UPR Info pre-sessions – 39th session of the UPR Working Group

The East and Horn of Africa Human Rights Defenders Project (DefendDefenders) is a regional NGO based in Uganda. We seek to strengthen the work of human rights defenders (HRDs) throughout the East and Horn of Africa sub-region. We focus on 11 countries, including Sudan. The African Centre for Justice and Peace Studies (ACJPS) is an NGO working to monitor and promote respect for human rights and legal reform in Sudan.

In a joint submission, DefendDefenders and ACJPS examine the situation of civic space in Sudan since 2016. We assess Sudan’s respect for the rights to freedom of opinion and expression, association, and peaceful assembly.

Since Sudan’s last UPR, significant political developments took place. A short summary is available in our submission. In 2019, President Omar al Bashir was overthrown following nationwide protests. A power sharing and a Constitutional Declaration were signed between civilian and military leaders. The new executive branch is composed of a Sovereign Council and a civilian-led Transitional Government.

During its second UPR review, Sudan accepted 204 recommendations and noted 99. 13 of those recommendations pertain to civic space. The Transitional Government has moved to reform legisla­tion adversely impacting civic space and guarantee a more enabling environment for HRDs and civil society actors in the country. It announced a “full cooperation” policy towards the UN, ratifications, and a review of legislation to bring it fully in line with international standards and the Constitutional Document.

We welcome the initiation of prosecutions and cooperation with the ICC, efforts regarding women’s and girls’ rights, and legal reform, including criminal justice reform. However, we remain concerned over restrictions on the rights to free opinion and expression, association, and peaceful assembly. HRDs including journalists, and political activists face harassment, intimidation, threats, and violence. Impunity remains a major issue, including for grave violations and abuses.

 

Regarding freedom of opinion and expression, Sudan undertook reforms since its last review.

  • However, the practice lags behind the law. This is because of legal and de facto restrictions affecting journalists and activists, including restrictions in relation to protests and their coverage, illegal acts by law enforcement, and vaguely defined offenses used to restrict free expression.

 

Regarding freedom of peaceful assembly, despite provisions of the 2019

Constitutional Document, enjoyment of the right remains limited. Arrests of peaceful protestors and the use of excessive force to stop demonstrations continue. Accountability for violations committed under the previous regime, including journalists, opposition members and supporters, and citizens who took part in protests, remains elusive. Civilians continue to face the risk of violence and threats when exercising their right to peacefully protest.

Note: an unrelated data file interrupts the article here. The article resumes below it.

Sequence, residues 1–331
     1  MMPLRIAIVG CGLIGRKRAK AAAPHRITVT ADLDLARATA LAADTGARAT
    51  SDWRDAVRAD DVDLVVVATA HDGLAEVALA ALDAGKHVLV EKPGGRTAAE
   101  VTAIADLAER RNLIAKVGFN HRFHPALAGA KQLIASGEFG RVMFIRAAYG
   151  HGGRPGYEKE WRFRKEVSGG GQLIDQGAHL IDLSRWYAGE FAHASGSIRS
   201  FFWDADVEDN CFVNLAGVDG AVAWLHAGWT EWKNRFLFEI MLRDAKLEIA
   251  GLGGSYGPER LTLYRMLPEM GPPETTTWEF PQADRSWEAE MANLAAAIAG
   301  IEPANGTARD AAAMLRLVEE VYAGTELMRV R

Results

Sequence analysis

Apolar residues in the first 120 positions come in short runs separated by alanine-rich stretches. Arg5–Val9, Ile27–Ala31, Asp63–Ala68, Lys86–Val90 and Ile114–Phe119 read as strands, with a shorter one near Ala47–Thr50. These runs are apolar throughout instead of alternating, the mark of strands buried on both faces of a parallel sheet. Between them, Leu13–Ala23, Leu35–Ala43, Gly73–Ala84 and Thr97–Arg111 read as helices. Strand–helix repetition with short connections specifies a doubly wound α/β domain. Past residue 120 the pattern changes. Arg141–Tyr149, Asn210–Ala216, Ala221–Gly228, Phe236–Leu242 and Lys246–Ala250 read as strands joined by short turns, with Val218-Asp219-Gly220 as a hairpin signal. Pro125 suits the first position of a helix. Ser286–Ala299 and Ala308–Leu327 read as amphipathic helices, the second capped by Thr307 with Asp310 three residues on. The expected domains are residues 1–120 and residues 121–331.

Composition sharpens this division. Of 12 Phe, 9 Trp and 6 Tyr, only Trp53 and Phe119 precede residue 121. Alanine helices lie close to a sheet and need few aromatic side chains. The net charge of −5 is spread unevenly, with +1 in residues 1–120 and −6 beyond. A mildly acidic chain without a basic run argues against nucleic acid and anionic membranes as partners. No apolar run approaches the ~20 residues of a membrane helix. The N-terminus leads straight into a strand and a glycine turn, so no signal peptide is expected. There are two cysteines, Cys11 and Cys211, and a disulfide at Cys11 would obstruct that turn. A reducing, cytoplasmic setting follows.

Regarding freedom of association, despite the government taking positive steps towards creating an enabling environment for CSOs, concerns remain as regards due process, independent trade unions and their leaders, and criminalisation of voluntary work without registration.

While we welcome the significant progress achieved since Sudan’s last UPR, we encourage the govern­ment to fully implement recommendations accepted in 2016 and to reconsider its position on recom­mendations noted by the previous regime. We call on the government of Sudan to create and main­tain, in law and in practice, an enabling environment for civil society.

 

In our submission, we formulate a number of recommendations. Today, we insist on the following:

  • Amend the Press and Publication Act (2009), the Criminal Act (1991), and the Cybercrimes Act (2018) to bring them in line with international standards on the right to freedom of opinion and expression;
  • Investigate threats and attacks against journalists and human rights defenders and publicly condemn attacks and threats against them;
  • Conclude investigations of the 3 June 2019 massacre; indict and prosecute perpetrators according to international human rights standards; and
  • Amend the National Security Act (2010) in line with the Sudan’s Constitutional Document of 2019 and international standards on the use of force, including the Basic Principles on the Use of Force and Firearms by Law Enforcement Officials.

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Alex Njenga has always believed in egalitarianism both as a principle and as a tool for justice. As a result, he has always been suspicious of, and at times hostile to social prejudices that treat some people as “more equal than others,” – to use a line from George Orwell’s famed political fable, Animal Farm.

Some of the experiences that have shaped his social and political outlook have been personal. As an adolescent in Kenya’s Uasin Gishu County, Alex was stigmatised and denied healthcare after he identified himself as belonging to Kenya’s sexual orientation and gender identity (SOGI) community.

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